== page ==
After the STEM train had left the station — loaded with lots of cash, I might add — the arts education field sought to insert the arts into STEM, craftily amending the acronym to read as STEAM. Unfortunately, it’s been catch-up ever since. Interestingly, the catch-up is primarily via a programmatic approach, as in the creation of STEAM programs. Let’s prove that the arts belong with STEM! This game of catch-up is depressing. I have often felt that catching up is all we ever do when it comes to arts education (notable exceptions excluded). It’s part of what you get when you aren’t doing the work in policy, ultimately creating a balanced approach to this effort.

The multi-billion-dollar Race to the Top initiative from the US DOE is also illustrative of what happens when major federal policy initiatives are missing the “A” in STEAM. Here, the US DOE has held the largest-scale school improvement and reform initiatives in memory, and the arts were nowhere to be found. What is more, the guidelines in the largest early rounds were written in such as way as to discourage applicant state departments of education from including the arts in their proposals.

In each of these instances, a world of difference could have been struck by the simple addition of a few words in the guidelines, such as “can also include the arts.”

Here, the connection from federal to state to local districts and schools is undeniable. Some say money is policy. These examples certainly prove that particular point, and the lost opportunities are something from which we should all commit to learning.

The GIA Arts Education Funders Coalition is an important step forward in that it puts the national association of arts grantmakers where it should be: directly engaging in policy advocacy at the federal level. It’s not something to be left solely to grantees, but rather an important moment for the funders themselves to have some “skin in the game.” With a well-constructed policy agenda, growing membership, strong leadership, and an important partner in Penn Hill, a Capitol Hill lobbying and government relations firm, this coalition is well designed to ensure that the arts are reflected in major federal policy initiatives.

Ultimately the aim is to create an important virtuous circle connecting policy to programs, thus avoiding having to play catch-up to policies that have a negative impact on the arts education programs so many work so hard to develop and sustain. For those who dream the dream of quality arts for every child, this is a train you might really want to jump aboard. Another way to look at it might be: do you want to fight this fight with one hand tied behind your back?

Arts Education Funders Coalition: A Funder’s Perspective

Julie Fry

The Performing Arts Program at the William and Flora Hewlett Foundation began exploring deeper investments in arts education in 2006, in partnership with our Education Program colleagues. The first thing we wanted to know was whether California students were receiving the arts education required by state law. The comprehensive Unfinished Canvas series of reports the foundation commissioned from education researchers at SRI International underlined severe gaps in the provision of sequential, standards-based arts education to K–12 public school students across California. There is a tremendous difference in what is happening in schools and what is called for by state policies. We found, for example, that 89 percent of California schools fail to provide standards-based instruction in music, dance, theater, and the visual arts, and that elementary school students in particular are deprived of opportunities to engage in the arts. We recognize that what we have here is an education issue, not just an arts issue. We believe that not only can a well-rounded arts education inspire future artists, audience members, and arts patrons, it also can improve the school experience for students, engage them in a variety of ways, and enhance learning outcomes.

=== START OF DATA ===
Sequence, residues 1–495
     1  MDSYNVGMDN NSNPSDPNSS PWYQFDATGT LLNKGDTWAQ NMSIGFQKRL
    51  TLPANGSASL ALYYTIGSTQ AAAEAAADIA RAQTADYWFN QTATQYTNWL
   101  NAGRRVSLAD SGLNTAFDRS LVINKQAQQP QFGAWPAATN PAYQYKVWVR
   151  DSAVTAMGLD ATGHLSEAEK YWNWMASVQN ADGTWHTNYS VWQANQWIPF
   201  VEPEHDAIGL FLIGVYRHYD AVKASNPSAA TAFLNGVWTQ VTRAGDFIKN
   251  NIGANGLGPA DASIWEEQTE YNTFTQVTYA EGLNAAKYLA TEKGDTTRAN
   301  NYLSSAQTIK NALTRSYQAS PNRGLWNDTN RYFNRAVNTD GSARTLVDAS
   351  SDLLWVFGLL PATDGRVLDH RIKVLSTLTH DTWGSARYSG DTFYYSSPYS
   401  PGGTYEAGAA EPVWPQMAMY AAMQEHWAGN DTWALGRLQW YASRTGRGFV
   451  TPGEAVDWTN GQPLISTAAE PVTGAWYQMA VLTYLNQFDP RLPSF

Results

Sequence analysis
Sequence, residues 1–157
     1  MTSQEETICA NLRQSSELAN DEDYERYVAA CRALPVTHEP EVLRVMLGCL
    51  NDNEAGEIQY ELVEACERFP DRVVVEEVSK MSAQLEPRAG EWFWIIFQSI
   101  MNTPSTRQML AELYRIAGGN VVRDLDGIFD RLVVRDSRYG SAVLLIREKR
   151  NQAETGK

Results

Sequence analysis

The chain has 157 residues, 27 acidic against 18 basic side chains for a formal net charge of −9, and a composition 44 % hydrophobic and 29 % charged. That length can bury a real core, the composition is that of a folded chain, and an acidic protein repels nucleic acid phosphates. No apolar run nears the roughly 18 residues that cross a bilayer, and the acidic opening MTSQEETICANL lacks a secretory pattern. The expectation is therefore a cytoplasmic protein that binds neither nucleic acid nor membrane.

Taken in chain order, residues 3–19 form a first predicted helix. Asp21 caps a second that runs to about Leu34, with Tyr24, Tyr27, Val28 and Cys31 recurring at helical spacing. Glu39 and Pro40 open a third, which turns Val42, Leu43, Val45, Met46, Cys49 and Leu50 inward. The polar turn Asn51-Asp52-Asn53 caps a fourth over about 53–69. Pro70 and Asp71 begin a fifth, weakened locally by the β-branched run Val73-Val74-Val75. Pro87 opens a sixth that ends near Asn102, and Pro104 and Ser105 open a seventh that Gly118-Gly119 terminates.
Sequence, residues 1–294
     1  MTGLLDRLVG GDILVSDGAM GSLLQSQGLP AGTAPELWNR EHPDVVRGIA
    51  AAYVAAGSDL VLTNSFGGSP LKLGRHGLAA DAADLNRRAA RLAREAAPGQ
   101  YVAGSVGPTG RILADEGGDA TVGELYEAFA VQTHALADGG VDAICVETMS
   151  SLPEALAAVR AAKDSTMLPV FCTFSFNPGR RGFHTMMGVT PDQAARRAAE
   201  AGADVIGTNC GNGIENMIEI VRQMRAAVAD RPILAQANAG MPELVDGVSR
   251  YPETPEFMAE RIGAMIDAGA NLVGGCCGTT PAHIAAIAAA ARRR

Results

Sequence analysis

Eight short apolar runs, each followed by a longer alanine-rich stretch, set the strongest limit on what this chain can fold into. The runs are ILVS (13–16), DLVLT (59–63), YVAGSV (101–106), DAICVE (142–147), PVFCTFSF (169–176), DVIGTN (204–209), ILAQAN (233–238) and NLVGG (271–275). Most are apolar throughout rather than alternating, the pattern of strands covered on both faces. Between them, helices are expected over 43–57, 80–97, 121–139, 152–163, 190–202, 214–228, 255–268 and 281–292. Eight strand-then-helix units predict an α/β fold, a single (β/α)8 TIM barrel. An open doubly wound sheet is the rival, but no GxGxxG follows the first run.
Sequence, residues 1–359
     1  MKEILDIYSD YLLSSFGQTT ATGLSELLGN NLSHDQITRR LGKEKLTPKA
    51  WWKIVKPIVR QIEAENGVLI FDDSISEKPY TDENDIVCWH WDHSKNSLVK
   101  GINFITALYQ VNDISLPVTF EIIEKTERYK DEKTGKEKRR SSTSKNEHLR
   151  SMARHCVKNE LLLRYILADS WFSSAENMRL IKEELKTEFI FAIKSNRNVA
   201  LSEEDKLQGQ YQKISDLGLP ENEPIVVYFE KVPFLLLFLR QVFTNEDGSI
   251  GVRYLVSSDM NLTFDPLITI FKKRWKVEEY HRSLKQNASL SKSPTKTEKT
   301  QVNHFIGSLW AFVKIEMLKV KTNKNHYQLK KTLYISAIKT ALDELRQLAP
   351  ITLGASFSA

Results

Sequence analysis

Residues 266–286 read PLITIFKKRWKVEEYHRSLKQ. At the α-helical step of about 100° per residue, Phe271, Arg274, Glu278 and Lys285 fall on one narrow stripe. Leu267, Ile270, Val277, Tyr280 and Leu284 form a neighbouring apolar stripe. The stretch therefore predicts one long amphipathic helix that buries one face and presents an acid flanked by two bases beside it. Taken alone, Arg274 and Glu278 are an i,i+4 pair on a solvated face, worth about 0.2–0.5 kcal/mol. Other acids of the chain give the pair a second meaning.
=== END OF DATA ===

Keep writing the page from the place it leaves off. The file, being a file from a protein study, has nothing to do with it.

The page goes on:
As a result of the SRI research, Hewlett embarked on making a series of investments in San Francisco Bay Area arts education organizations delivering in-school, after-school, and out-of-school programs as well as building teacher capacity. We added to our portfolio a core group of policy and advocacy grantees operating at the state level, including the California Alliance for Arts Education and the California County Superintendents Educational Services Association. Our assumption at the time — which we believe still holds true — was that supporting both programs and advocacy at the local and regional level, coupled with top-down advocacy efforts at the state level, creates positive momentum. This in turns creates more likelihood for success — and the proliferation of program delivery, to make sure that every child is served — at every level. Taking our assumption a step further, we added our first national arts education grantee, Americans for the Arts, to support their efforts both in researching and tracking policy strategies in Washington, D.C., and working with the corporate sector on the importance of a creative workforce.

In 2011 the Performing Arts Program released a new strategic framework, and for the first time, arts education is more visible as one of three priority areas of focus. The associated strategies do not reflect new work, but rather solidify their importance in working toward the goal: California students have equitable access to multidisciplinary arts education opportunities. Our three strategies are:

  • Support effective K–12 in-school, after-school, and out-of-school programs
  • Advance research and advocacy to improve state and local policy
  • Foster world-class pre-professional performing arts training opportunities

As we have continued to add policy and advocacy grantees to our portfolio, we recognize the value that strategic policy and advocacy efforts at the federal level can have on state and local policies. This is why we are supportive of GIA’s Arts Education Funders Coalition. For the first time, funders who have been supporting arts education in their geographic regions for years are coming together to add their collective voices to help develop national education policy strategies, all as part of an effort to increase in-school learning in and through the arts for every child in this country. If not now, when?

Your Policy and Program effort

Dear Julie,
This sound like a good idea...can you keep me in touch, particularly about your experiences in the field
Thanks

Jane Remer
Arts as Education
jane.remer@gmail.com
www.janeremeerartsanded.com